Wednesday, 22 February 2012

We are all philosophers now

Spot the philosopher
SVA member Chris has cycled the 16,500 miles from Bewdley, Worcestershire to Beijing. His next, equally daunting, challenge is to complete the Careful Driving Trilogy in which he charts the journeys, physical and mental, that a truck driver takes as he steers his juggernaut across Europe.

We have seen only glimpses of Chris's work-in-progress but it is enough for us to wonder at the audacity that compels him to undertake this gargantuan task. Given what he has achieved in the past we have no doubt he will bring the cargo home with aplomb.

In the extract under review, the truck driver crosses Germany while musing on how Plato's tri-partite class structure and his 'once upon a time' miracle have echoed down the centuries.  As usual, Chris's prose was virtually beyond reproach with only one 'fail' in Linda's obsessive bad-hyphen hunting and a mild rebuke from Tony regarding his 'tic' of inverting sentences so the reader embarks on them not knowing their destination.

The challenging nature of the philosophical content was a concern. Chris defended his position citing that the development of his arguments and their repetition will facilitate understanding. Nevertheless we all felt that he should not forget the limitations of his target readership – the great unwashed British public.  In Tony's words, the book must not fail the Costa coffee shop test. He suggested that Chris should beware of the 'authorial voice' and ensure the reader is always firmly either in the cab alongside the driver or in his head.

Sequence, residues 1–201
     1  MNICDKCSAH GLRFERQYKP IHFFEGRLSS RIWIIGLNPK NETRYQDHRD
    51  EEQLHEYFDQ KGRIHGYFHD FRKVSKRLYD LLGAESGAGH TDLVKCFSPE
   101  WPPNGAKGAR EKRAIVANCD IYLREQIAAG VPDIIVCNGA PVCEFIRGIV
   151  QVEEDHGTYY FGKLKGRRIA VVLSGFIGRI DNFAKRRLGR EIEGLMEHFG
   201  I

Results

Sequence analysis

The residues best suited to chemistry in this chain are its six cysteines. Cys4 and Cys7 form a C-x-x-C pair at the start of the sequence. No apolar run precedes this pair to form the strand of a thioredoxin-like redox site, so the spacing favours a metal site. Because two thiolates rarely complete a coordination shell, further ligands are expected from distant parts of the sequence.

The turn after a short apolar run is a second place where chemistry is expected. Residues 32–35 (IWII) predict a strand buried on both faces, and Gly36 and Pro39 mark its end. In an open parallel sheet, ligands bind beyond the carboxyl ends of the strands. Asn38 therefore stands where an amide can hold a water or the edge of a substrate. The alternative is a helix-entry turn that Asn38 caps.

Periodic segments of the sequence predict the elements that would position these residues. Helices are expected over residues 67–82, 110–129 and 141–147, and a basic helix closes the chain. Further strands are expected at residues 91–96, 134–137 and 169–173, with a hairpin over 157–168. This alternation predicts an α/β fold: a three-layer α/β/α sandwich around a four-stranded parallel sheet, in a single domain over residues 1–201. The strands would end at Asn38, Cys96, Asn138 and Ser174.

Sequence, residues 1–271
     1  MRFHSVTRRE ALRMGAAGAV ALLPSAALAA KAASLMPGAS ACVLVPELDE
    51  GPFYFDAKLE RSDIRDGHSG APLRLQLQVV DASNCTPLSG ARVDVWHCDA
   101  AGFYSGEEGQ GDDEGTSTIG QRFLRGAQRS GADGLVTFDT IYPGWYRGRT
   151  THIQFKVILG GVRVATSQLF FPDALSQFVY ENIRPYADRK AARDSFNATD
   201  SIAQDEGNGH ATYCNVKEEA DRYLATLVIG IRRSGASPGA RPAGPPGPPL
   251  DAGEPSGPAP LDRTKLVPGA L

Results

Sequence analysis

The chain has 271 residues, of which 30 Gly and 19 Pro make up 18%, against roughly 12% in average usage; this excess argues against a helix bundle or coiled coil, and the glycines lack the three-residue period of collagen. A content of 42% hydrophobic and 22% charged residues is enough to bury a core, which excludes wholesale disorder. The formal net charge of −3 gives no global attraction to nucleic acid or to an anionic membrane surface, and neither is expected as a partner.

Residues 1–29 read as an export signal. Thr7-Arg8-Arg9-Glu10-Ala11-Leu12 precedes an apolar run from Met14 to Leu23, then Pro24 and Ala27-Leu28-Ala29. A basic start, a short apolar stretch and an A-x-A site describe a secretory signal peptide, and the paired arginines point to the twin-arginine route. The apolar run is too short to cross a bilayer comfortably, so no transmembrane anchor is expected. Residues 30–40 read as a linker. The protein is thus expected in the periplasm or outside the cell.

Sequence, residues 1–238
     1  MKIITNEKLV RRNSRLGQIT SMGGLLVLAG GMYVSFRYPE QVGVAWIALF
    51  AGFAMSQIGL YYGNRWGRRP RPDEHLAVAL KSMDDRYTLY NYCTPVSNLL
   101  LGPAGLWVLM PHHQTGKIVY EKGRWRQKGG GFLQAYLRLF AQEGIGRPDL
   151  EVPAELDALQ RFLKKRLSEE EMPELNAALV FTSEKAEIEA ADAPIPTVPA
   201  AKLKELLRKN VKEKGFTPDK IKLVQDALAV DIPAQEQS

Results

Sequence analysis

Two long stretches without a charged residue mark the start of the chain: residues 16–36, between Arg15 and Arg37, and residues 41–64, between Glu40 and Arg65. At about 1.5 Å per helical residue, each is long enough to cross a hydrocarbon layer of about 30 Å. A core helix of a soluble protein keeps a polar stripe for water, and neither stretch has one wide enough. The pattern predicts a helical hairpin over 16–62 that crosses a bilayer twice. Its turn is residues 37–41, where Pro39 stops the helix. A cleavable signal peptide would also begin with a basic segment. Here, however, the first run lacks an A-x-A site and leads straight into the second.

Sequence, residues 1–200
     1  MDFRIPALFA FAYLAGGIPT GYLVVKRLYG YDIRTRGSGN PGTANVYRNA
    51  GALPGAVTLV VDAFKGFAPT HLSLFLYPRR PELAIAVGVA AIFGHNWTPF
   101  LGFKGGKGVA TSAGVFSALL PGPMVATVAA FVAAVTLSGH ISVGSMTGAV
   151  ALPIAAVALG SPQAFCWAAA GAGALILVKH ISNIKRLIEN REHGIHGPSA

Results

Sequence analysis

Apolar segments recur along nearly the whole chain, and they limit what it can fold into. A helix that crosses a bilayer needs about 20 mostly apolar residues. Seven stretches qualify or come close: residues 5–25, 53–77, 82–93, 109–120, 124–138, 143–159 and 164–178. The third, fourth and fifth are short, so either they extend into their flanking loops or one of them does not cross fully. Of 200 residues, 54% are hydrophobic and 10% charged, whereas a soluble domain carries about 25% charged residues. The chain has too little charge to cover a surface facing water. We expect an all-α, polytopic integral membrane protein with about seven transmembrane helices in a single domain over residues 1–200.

Annie and Linda observed that this will help drive (pun intended) the narrative along and ensure that the transitions from corporeal to mental journeying (a concern of Rob's) would not be 'sleeping policemen' in the reader's path.

In SVA news we learned that:
·         Tony is creating a new blog that will be a mental health discussion and ideas forum
·         Linda has submitted a further 10,000 words of her work-in-progress to her Gold Dust mentor
·         Annie is reading the 2011 Bridport Prize anthology
·         Rob has entered his second novel in the Dundee International Prize
·         Clive has unearthed a W Somerset Maugham book of essays that includes a treatise on the short story
·         Chris's recent speaking engagements in Kidderminster and Stroud were both sell-outs and resulted in the sale of 35 copies of Why Don't You Fly.

But the most telling moment of this meeting, in my opinion, came when one of our number dropped into the conversation, 'I was reading Cicero the other day'. It attracted not a flicker of scepticism or curiosity. This is the intellectual plateau SVA exists on following our immersion in Plato, Marx, and the World of Ideas.

Monday, 20 February 2012

The SVA Buzz

We had a very enjoyable SVA meeting at Annie's flat on the 7th February - in great part due to the excellent cake.

Rob read an extract from 'The Sting Inside'. He was interested to know how we felt about his new approach to  tackling the rather complicated back-story of how the English family came to be living in America. He did this very efficiently by incorporating an article about the family in the 'Burford Buzz' (a local social gossip magazine) written shortly after their arrival. I thought this worked very well. The article was light and amusing and it highlighted the American curiosity about the English.